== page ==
I think this is a big deal. Who really believes that outsourcing technology operations to India and China does not have a long-term consequence? With time, India and China will become innovators -- if they have not already. Reportedly, China has already built the world's second-fastest supercomputer, and is fabricating its own chips (

    Imagine, now, young people thoughout the world writing software. What platform would they choose? If I was growing up in India and had an accessible computer for $35, I probably would not want to pay a whole lot more for a Windows computer.

    Maybe this tablet does not quite have it right, technologically. But it is a step forward and an indication of intention on the part of the Indian government.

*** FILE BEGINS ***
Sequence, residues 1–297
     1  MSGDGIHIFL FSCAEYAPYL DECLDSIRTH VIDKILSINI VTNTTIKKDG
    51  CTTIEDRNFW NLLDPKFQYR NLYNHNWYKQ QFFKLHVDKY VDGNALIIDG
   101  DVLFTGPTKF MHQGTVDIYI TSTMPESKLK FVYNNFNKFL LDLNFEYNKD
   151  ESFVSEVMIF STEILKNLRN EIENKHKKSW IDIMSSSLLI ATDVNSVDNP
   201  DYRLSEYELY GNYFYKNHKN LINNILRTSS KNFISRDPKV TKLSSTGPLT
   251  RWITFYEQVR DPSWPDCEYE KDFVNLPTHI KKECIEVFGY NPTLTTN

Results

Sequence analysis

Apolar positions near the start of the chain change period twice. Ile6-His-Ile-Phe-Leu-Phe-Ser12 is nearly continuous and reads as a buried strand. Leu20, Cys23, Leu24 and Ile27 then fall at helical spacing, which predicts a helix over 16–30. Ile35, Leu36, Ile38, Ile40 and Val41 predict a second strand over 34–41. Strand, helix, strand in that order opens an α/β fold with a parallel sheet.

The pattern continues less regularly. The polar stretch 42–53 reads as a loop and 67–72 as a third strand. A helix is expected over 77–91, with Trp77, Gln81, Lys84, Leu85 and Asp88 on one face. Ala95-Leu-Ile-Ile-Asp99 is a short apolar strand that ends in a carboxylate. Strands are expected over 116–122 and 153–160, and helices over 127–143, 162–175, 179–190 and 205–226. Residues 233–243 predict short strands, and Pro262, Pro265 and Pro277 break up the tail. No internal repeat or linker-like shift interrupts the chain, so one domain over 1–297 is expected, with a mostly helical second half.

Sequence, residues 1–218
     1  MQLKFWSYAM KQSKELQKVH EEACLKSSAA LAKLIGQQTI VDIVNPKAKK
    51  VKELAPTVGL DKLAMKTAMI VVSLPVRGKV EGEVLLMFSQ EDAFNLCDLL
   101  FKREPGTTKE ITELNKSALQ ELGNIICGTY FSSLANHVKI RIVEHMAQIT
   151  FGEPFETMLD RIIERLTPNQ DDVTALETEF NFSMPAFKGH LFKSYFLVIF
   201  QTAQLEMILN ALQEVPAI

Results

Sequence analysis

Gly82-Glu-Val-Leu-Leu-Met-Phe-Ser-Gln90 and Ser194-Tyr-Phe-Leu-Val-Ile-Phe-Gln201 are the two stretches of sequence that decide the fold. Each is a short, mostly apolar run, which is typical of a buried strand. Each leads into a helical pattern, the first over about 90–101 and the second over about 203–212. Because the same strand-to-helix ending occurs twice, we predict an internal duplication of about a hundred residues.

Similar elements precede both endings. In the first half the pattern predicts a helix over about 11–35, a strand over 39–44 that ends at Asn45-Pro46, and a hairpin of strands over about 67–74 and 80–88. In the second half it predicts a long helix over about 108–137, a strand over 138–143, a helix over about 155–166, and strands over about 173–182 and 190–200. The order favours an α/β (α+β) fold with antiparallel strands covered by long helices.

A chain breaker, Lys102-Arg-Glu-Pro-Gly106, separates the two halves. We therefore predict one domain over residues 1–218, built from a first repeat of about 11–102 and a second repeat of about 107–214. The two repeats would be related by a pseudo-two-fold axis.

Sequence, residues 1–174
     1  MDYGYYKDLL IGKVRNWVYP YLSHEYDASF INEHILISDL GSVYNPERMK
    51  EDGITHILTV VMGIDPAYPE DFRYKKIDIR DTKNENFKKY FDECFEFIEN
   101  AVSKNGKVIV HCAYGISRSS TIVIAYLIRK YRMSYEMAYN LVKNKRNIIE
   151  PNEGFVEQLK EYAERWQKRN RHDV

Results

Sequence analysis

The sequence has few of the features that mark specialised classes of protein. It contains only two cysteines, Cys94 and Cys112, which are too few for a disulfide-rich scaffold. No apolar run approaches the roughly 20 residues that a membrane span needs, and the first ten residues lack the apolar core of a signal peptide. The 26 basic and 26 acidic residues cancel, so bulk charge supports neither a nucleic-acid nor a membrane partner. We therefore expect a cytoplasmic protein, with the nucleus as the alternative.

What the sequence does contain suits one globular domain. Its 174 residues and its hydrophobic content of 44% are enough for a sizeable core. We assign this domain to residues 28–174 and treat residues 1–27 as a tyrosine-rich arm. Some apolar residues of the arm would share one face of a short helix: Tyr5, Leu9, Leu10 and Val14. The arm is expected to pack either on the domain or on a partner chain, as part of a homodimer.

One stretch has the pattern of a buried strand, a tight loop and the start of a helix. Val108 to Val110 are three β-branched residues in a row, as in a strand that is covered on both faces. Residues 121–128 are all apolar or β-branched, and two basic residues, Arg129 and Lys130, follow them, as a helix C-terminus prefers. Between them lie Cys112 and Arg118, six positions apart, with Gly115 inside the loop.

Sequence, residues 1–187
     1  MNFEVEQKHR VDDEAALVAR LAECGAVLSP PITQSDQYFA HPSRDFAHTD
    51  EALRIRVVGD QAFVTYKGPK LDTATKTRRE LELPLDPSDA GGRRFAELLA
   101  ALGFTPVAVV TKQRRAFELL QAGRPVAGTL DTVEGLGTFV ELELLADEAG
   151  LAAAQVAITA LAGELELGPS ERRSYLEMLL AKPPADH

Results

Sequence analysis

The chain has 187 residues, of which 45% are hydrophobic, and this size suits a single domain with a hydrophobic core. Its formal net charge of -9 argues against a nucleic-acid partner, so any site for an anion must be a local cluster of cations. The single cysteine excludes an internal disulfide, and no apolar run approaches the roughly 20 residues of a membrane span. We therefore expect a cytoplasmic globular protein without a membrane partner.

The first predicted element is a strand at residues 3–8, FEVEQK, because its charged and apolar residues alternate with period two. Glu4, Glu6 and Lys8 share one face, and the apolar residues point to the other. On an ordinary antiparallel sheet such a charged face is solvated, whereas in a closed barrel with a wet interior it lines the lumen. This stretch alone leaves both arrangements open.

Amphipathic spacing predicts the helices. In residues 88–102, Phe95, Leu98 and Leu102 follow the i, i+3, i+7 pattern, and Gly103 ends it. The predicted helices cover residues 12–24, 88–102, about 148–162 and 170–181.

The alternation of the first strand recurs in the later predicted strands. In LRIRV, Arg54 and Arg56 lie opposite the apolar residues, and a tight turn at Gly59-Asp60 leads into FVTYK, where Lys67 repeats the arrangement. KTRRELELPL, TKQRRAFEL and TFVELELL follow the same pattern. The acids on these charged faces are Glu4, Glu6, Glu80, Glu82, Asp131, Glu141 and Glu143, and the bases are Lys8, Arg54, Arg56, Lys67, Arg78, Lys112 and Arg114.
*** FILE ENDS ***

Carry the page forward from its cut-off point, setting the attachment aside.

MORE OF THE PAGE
• Re:At that price.. (Score:4, Insightful)

    by sznupi ( 719324 ) on Friday July 23, 2010 @10:40AM (#33002942) Homepage

    Why? Plentiful electricity is a much bigger issue in India. It's bound to be frugal with energy, most likely having some ARM, etc.

  • by IANAAC ( 692242 ) on Friday July 23, 2010 @10:48AM (#33003022)
    Whether they're Android, Meego, Win7, whatever.

    I can't be the only one that's tired of hearing about them. And I'm willing to bet that the majority of them will never be in production.

    Then again, I'm firmly in the netbook camp, so a tablet wouldn't appeal to me.

  • Re:AP link (Score:1, Insightful)